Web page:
Sunday, October 4, 2015   

(Flight MH370) US firm which helped Air France inquiry eager to crunch data
(03-27 09:45)

Math wizards who pinpointed the final resting place of an Air France plane beneath the Atlantic stand ready to do so again to locate the missing Malaysia Airlines Boeing 777, AFP's Robert Macpherson reports.
No one has yet asked Metron, a scientific consulting firm, to join the search for the missing Boeing 777, but that has not stopped it from getting a head start, using the few nuggets of data in the public domain.
“We're trying to get our hands on all the publicly available data so we can start doing an independent assessment,'' said Van Gurley, head of Metron's advanced mathematics applications division.
As that assessment evolves, “we'll provide it to anyone who's interested,'' added Gurley at Metron's head office in Reston, Virginia, a suburb of Washington.
Founded in 1982, with a staff of 170 that includes experts in applied mathematicians, Metron conducts highly specialized mathematical analysis for US national security applications, such as sonar systems.
But it has also developed a much-used search and rescue protocol for the US Coast Guard based on a theorem developed by early 18th century English statistician, philosopher and Presbyterian minister Thomas Bayes.
“It's a structured method that forces you to look at all the available information about a problem and then apply a confidence factor – how confident you are in any piece of information,'' Gurley said.
No single bit of data is ever thrown away, but as information is confirmed over
time – say, when a speck in a satellite image turns out to be genuine debris – the probability that the target item is in a given spot evolves.
In the case of Air France Flight 447, which crashed into the Atlantic in 2009 with 228 on board, the target was its flight data recorder at the bottom of the ocean.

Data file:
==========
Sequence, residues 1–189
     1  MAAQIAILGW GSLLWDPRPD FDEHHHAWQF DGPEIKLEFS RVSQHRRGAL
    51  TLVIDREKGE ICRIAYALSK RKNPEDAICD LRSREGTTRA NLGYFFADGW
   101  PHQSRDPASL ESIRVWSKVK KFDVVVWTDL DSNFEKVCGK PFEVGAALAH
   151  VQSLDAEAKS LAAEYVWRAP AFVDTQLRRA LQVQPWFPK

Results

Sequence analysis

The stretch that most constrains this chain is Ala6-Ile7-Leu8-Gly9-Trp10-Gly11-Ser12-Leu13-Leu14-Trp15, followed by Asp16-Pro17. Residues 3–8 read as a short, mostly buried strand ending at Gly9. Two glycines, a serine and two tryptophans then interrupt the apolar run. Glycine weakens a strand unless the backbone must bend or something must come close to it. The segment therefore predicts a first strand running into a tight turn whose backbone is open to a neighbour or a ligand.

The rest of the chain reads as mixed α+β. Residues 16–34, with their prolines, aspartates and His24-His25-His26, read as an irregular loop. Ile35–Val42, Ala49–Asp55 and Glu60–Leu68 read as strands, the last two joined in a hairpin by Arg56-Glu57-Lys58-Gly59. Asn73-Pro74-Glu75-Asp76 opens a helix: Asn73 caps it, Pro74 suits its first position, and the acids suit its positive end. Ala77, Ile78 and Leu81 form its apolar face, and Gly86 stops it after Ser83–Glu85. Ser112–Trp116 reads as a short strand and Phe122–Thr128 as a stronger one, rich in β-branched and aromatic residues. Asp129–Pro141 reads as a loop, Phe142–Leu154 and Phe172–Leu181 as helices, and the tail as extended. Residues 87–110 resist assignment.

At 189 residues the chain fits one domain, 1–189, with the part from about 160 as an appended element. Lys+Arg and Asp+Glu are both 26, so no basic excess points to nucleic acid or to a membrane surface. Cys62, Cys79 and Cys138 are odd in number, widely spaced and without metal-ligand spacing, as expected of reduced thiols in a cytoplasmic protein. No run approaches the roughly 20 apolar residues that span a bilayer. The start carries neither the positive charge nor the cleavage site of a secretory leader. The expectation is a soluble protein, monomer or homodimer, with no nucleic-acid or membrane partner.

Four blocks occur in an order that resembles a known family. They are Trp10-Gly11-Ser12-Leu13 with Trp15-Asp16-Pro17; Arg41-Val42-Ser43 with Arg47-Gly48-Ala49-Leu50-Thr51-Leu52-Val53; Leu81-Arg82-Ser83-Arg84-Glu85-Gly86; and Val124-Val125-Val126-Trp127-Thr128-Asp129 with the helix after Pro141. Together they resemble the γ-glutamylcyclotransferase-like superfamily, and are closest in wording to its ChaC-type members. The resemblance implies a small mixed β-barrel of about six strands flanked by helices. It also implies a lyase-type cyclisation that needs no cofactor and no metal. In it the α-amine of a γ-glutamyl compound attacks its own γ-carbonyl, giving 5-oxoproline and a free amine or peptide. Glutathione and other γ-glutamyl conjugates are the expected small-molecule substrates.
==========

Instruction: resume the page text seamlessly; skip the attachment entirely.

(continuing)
The French air accident investigation agency BEA turned to Metron to figure out the most likely spot where the so-called black box might be – successfully, it turned out when undersea drones recovered it in May 2011.
In that case, however, floating debris from the Airbus A330 had been located within a week and the search area was limited to a circle about 130 kilometers in diameter, Gurley said.
That's practically a flyspeck compared to the vastness of the remote section of the Indian Ocean where the Malaysian authorities said Wednesday that ''122 potential objects'' had been spotted by satellite in recent days -- with not a single piece of confirmed debris since the jet went missing on March 8.
"Everybody wants to know where it is, and the answer is: we don't know,'' said Gurly.
While the Coast Guard regularly uses Bayesian theorem to find, say, fishermen lost at sea, it came up short when Metron was asked in 2007 to find missing US adventurer Steve Fossett, who had been out flying a small airplane in a mountainous corner of California.
A year passed before a hiker just happened upon some of Fossett's belongings, some distance from where he was presumed to be. Bones found nearby were confirmed through DNA tests to be his.
Asked about the odds of locating Malaysia Airlines Flight 370, Gurley said the technical means are at hand.
"The technology is available to get to the ocean bottom in this part of the world and search it,'' he said. “But it's an incredibly challenging task – and I think it's really going to come down to time, and will.''

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